October 8, 2012
Filed under Arts and Entertainment
Local businesses can reap the benefits of a college town location–as long as they cater to college students.
Earth and Wears accessories boutique in Dallas sells handmade items, like jewelry, purses and picture frames, and according to the shop’s owner Lyn Carey, she relies on the patronage of the MU community.
“Misericordia teachers and students are the backbone of this business,” said Carey, noting that during the summer, a group of women who were taking a week-long course came into her Main Street shop to buy presents for their teacher.
“Then, the teacher came and bought all of these presents. It was wonderful,” she said.
Carey has brought her merchandise to the Banks Student Life Center to sell to students during lunchtime, when the center is busiest.
Facebook is Earth and Wears’ primary marketing tool and, according to Carey, a social networking presence makes it easier to stay in contact with alumni who may move out of the area after graduating. She also uses Etsy.com to sell her products online and ship them to wherever her costumers may be.
“The costumers that I have are so loyal, and everything they have to buy is handmade,” said Carey. “Once they’re here, they’re here.”
Earth and Wears sees a boost in sales around the holidays, specifically Christmas and Mother’s Day, said Carey, from students buying one-of-a-kind handmade items she stocks in the store.
“And whose going to hand paint the box themselves?” she says, with a laugh, holding out one of the gift boxes she painted.
Lake Street restaurant Pizza Bella is in a nice walking distance from MU, according to owner Patrick Cunningham–and that led to his decision to open his shop.
Customers from the Back Mountain, including college students from MU and Penn State Wilkes-Barre, were frequenting Pizza Bella’s Forty-Fort location. He notices a difference in business when college is in session and when it is not, and said that during the school year the dining room will sometimes be filled to its 80-person capacity.
Pizza Bella offers a 15% off discount for students with their MU I.D. and hosts “Misericordia Monday,” when, every Monday night, 15% of a customer’s bill is donated the MU class of 2014.
Cunningham said being on the same street as MU brings in more than just the students.
“Moms and Dads enjoy coming to the restaurant to eat while dropping off their kids at college,” he said.
Local contemporary women’s boutique Buka, in Shavertown, doesn’t always bring in the business that owner Joanna Grover would like to, unless Mom or Dad foot the bill.
“I know college students don’t tend to have a lot of money,” she said, noting that Buka’s items may not fit a student’s budget, and during weekends when parents come to visit she will see more college students in the store.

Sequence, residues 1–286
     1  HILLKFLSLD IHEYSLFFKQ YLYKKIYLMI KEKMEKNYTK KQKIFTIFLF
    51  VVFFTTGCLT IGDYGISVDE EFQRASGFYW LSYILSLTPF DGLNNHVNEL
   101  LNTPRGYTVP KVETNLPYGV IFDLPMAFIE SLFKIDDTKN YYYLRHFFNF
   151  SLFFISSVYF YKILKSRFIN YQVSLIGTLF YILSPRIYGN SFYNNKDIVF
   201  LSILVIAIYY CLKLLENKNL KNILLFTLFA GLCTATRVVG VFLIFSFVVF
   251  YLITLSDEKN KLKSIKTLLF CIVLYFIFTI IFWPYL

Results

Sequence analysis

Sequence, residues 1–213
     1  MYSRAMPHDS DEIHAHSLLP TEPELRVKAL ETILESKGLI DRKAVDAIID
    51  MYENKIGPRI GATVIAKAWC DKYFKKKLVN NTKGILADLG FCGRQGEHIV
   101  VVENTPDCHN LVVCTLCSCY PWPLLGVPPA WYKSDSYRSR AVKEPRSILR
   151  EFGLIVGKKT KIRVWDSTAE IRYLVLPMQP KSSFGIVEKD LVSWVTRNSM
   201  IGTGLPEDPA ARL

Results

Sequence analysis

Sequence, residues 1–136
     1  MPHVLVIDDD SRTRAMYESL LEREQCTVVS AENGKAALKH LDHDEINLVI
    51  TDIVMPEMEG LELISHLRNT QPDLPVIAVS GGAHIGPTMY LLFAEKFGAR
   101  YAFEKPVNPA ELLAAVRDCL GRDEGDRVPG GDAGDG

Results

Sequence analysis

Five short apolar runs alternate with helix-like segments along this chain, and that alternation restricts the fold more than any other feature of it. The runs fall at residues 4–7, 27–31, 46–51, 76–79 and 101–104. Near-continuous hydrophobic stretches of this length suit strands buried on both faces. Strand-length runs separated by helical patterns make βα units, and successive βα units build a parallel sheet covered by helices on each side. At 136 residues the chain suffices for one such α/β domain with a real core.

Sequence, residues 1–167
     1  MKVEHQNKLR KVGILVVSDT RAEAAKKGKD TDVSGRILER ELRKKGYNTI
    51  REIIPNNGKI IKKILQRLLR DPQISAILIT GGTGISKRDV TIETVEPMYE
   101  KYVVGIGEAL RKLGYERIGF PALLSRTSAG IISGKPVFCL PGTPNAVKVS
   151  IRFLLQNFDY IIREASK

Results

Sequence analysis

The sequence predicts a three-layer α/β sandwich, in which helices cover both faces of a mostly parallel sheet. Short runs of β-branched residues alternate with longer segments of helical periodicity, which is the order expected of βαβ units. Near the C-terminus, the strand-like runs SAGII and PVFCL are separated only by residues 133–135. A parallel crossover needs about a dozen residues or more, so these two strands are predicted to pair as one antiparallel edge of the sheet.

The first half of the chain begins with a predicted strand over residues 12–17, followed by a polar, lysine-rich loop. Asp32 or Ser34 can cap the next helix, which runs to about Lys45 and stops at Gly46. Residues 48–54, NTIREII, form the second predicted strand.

Grover would like to attract more business from students, and she has advertised the store on campus. She said that the store does tend to cater toward women with a more mature taste in clothing, but Buka does bring in “younger” lines, like Quicksilver and other surf brands. The prices on these items may be more affordable for college students, said Grover.
She believes that part of the problem could be that students, especially those without cars on campus, don’t know that Buka exists.
“I do wish I was working on a little main street,” said Grover, who used to work in a boutique in Cape May, NJ, a notorious walking town. “Here is more of a destination. People have to come specifically and find us.”
Grover said it is difficult to advertise, considering she runs the shop by herself, but she would like to target college students through offering a student discount or placing fliers in students’ mailboxes on campus.
“There’s an audience there for it. It’s just about hitting the right people and getting the right people to know you’re here,” Grover said.
And some of the “right” people may not be buyers. They are sometimes sellers, too.
MU Senior Deanna Davis said her job at a local business in Dallas helped her save more money than she could when she had to drive back and forth to her hometown of Scranton for work at The Mall at Steamtown. She began working at Connor’s Grillroom on Memorial Highway in January, which is just a short drive from her apartment. She said this arrangement is easier on her gas tank.
“I used to spend $60 in gas a week. Now, it’s $30 every two weeks,” she said. “I can work more and make more money since I’m closer [to school].”
Davis said her grades have improved significantly after taking the job.
“The hours are better. I don’t have to waste time driving instead of studying and it’s not a big chain restaurant,” she said. “It’s a small enough where I feel like my school schedule matters and my hours can be more flexible.”